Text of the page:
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Becoming an Exhausted Smoker: the Beginning of the End
American Journal of Nursing Science
Volume 2, Issue 1, February 2013, Pages: 6-13
Received: Jan. 7, 2013; Published: Feb. 20, 2013
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Khaldoun M. Aldiabat, School of Nursing, University of Northern British Columbia, University Way, Prince George- BC, Canada
Michael Clinton, Rafic Hariri School of Nursing, American University of Beirut, Riad El-Solh, Beirut, Lebanon
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There is a high smoking rate among male psychiatric nurses in Jordan and among psychiatric patients in general. Smoking addiction inhibits nurses from helping patients with smoking cessation. A better understanding of the smoking behaviors of male Jordanian psychiatric nurses is required if they help patients with smoking reduction and smoking cessation. This article reports the findings from a classical grounded theory study that explains why male Jordanian psychiatric nurses are not ready for a smoking cessation role. Analysis of the statements made by eight Jordanian psychiatric nurses during individual interviews identified the last phase in a psychosocial theory of the smoking trajectory of the smoking behaviors of these nurses, the contextualizing smoking behaviors over time theory. This phase explains eight categories describe the challenges involved in quitting. We conclude that local contextual challenges to quitting need to be understood if smoking reduction and cessation programs are to be effective.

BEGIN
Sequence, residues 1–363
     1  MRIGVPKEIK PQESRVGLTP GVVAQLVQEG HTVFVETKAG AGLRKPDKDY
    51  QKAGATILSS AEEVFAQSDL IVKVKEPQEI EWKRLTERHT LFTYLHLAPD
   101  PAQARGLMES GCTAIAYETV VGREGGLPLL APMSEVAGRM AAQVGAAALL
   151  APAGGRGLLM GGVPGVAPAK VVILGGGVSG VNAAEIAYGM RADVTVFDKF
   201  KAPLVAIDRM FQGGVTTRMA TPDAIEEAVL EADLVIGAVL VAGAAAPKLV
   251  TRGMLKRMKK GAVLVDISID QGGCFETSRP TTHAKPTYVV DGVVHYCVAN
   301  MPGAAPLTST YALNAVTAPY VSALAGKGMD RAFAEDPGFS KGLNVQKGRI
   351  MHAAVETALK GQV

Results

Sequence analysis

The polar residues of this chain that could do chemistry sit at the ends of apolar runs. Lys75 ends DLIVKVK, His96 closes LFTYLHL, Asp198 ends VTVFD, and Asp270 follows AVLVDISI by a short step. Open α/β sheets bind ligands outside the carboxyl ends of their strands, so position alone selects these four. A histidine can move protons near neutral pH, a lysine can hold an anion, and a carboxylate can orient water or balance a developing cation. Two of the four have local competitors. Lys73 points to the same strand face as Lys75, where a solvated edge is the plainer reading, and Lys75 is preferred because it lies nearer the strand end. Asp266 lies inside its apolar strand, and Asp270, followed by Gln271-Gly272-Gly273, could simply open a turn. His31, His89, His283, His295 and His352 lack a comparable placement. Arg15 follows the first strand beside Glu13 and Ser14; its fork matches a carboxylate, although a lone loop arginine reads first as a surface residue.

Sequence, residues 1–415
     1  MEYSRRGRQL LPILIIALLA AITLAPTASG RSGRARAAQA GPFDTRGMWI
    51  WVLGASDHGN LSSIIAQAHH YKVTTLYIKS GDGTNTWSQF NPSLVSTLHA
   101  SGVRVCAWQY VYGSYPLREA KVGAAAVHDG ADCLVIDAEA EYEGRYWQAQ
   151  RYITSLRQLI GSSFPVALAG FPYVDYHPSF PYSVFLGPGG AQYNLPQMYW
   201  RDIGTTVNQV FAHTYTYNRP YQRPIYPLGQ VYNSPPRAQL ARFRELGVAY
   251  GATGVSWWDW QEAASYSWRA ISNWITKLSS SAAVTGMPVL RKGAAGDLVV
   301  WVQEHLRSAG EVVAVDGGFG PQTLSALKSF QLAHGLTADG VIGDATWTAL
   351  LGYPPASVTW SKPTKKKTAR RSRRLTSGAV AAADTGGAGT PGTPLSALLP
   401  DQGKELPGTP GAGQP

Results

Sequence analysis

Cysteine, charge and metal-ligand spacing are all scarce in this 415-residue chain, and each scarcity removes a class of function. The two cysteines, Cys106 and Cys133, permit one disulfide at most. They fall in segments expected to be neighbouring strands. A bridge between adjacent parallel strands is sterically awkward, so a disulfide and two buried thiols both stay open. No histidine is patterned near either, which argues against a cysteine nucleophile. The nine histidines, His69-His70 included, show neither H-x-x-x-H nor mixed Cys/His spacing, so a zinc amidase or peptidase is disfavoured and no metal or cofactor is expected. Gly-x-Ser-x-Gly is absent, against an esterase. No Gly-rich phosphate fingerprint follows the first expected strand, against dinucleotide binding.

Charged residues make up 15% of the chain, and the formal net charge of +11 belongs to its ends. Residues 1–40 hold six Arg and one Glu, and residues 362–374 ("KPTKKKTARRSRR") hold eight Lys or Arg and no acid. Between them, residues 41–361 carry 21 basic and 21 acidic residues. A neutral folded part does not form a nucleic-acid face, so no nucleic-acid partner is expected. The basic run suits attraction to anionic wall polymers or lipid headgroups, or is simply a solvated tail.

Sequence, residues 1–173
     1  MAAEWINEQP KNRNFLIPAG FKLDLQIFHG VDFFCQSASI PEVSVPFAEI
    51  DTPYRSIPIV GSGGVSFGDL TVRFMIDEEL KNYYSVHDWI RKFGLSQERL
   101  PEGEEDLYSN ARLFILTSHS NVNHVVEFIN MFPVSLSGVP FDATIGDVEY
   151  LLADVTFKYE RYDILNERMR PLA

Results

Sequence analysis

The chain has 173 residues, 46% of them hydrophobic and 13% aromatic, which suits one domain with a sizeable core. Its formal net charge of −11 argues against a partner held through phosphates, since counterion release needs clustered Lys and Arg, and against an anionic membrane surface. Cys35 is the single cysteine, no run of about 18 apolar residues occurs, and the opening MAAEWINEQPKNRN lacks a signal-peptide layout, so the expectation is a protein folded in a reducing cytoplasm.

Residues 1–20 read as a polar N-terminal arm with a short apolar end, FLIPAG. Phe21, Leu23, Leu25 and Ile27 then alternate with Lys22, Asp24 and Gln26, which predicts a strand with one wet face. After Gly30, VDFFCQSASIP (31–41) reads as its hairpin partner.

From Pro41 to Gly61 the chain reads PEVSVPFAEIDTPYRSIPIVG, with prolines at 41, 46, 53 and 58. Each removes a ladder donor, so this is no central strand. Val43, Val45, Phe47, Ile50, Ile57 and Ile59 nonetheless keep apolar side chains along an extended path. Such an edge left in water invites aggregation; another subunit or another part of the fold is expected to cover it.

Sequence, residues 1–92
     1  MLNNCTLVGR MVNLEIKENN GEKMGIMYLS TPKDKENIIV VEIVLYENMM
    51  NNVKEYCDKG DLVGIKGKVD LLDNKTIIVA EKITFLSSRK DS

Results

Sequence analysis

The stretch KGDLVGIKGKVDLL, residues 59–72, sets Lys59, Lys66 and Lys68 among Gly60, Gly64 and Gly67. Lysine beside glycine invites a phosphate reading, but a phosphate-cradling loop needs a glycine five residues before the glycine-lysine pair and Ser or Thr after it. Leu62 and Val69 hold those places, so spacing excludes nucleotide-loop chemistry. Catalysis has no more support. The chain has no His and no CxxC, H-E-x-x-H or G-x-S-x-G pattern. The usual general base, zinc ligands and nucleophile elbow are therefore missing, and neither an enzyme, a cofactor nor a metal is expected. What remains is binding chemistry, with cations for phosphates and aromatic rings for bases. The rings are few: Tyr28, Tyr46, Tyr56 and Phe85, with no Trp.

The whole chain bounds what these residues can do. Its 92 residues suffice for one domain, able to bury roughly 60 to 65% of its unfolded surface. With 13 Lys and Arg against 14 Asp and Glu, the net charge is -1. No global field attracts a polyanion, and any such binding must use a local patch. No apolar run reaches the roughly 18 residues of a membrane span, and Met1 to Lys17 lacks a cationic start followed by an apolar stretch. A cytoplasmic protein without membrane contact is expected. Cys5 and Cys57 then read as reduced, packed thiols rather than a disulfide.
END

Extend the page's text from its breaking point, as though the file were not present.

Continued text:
Addiction, Grounded Theory, Male Jordanian Psychiatric Nurses, Smoking Cessation, Symbolic Interactionism, Transtheortical Model
To cite this article
Khaldoun M. Aldiabat, Michael Clinton, Becoming an Exhausted Smoker: the Beginning of the End, American Journal of Nursing Science. Vol. 2, No. 1, 2013, pp. 6-13. doi: 10.11648/j.ajns.20130201.12
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